Featured Research

from universities, journals, and other organizations

Mechanism discovered for attaching an 'on' switch that helps cells accessorize proteins

Date:
June 19, 2014
Source:
St. Jude Children's Research Hospital
Summary:
Scientists have discovered how an important “on” switch is attached to the machinery that cells rely on to adapt thousands of proteins to meet changing conditions. The switch is a small protein called NEDD8. Problems with NEDD8 have been associated with several cancers, developmental disorders and infectivity of the human immunodeficiency virus (HIV), which causes AIDS.

St. Jude Children’s Research Hospital scientists have discovered how an important “on” switch is attached to the machinery that cells rely on to adapt thousands of proteins to meet changing conditions. The research appears in the current issue of the journal Cell.

Related Articles


The switch is a small protein called NEDD8. Problems with NEDD8 have been associated with several cancers, developmental disorders and infectivity of the human immunodeficiency virus (HIV), which causes AIDS. Drugs that target NEDD8 are in anti-cancer clinical trials. The ability of HIV to evade the anti-viral immune response depends in part on the ability of the virus to hijack the NEDD8 machinery.

NEDD8 is also a key component of the machinery that cells use to adapt to changing conditions. Just as individuals adapt to changes in their environment by donning gloves, boots, hats and other accessories, cells adapt by “accessorizing” proteins to modify their function.

NEDD8 is a specialized accessory. It functions as the “on” switch for accessorizing 10 to 20 percent of the thousands of proteins that do the work of cells. Those accessories mark some proteins for elimination, others for a change in function and others for relocation to different parts of the cell. Until now, however, how NEDD8 slipped into position was unknown.

Researchers showed how part of the machinery for accessorizing proteins, a component called cullin-RING, is first modified by NEDD8. The addition of NEDD8 transforms the ability of cullin-RING to accessorize other proteins. Those proteins are involved in important biological functions such as cell division, immune response and embryonic development.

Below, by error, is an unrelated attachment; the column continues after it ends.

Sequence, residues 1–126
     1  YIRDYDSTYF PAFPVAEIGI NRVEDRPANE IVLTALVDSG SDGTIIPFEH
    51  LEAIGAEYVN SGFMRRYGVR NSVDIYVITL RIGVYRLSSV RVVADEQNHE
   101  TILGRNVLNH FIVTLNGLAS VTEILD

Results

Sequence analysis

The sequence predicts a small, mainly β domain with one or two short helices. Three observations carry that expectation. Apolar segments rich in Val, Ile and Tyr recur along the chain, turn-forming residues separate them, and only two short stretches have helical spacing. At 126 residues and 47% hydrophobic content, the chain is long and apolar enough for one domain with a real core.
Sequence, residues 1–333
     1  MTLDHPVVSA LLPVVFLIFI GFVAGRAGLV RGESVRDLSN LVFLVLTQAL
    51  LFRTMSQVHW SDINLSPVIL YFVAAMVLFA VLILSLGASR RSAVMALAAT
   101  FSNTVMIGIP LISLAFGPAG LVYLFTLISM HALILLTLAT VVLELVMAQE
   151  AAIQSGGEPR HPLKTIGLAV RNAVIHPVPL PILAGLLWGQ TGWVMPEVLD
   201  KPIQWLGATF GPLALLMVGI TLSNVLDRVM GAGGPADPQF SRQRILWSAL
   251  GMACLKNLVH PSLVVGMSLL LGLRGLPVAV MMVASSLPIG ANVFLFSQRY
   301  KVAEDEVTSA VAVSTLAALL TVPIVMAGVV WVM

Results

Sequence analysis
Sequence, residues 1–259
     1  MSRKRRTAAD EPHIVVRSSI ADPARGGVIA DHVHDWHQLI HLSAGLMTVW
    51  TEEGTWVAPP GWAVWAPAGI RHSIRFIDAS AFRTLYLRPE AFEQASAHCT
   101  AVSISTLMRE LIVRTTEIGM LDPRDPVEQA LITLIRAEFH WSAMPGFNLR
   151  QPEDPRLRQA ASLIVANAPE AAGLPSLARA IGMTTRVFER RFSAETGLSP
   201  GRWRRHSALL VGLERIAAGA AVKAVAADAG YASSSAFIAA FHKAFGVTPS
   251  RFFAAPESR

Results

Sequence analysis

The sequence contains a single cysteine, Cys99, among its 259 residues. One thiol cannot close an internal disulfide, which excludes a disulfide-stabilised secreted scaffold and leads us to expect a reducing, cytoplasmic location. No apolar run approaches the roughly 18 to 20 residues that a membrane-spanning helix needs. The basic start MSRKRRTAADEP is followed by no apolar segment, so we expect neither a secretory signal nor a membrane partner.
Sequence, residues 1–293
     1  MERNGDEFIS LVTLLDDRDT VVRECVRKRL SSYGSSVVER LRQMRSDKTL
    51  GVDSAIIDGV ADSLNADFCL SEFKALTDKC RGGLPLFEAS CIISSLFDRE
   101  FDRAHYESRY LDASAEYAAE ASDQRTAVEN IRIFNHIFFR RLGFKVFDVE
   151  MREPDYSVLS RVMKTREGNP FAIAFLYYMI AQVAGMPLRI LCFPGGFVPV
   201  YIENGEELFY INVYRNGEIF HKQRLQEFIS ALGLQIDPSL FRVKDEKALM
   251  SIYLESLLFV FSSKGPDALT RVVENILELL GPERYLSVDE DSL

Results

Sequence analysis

“This discovery is a major advance in understanding the machinery cells use to regulate an astonishingly vast number of proteins they depend on as well as the diseases that arise when the system malfunctions,” said corresponding author Brenda Schulman, Ph.D., a member of the St. Jude Department of Structural Biology and a Howard Hughes Medical Institute (HHMI) investigator.

Schulman and her colleagues study the machinery that manages the accessorizing process, whether the accessory is NEDD8 or a different small protein called ubiquitin. Ubiquitin accessorizes proteins though a process known as ubiquitination. Cullin-RING, which NEDD8 accessorizes, is a major command center of ubiquitination.

This study builds on an observation first author Daniel Scott, Ph.D., made shortly after joining Schulman’s laboratory in 2006. Scott, an HHMI research specialist III, showed that while ubiquitin could be coaxed into binding to and accessorizing cullin-RING, NEDD8 was the preferred partner.

Scott used a technique called X-ray crystallography to capture a crystal structure that explained why. In the process, investigators determined for the first time that different components of the ubiquitination machinery work cooperatively to align NEDD8 and cullin-RING. That alignment promotes the transfer of NEDD8 rather than ubiquitin to the proper site on cullin-RING. The transfer of NEDD8 allows other proteins to be accessorized with ubiquitin.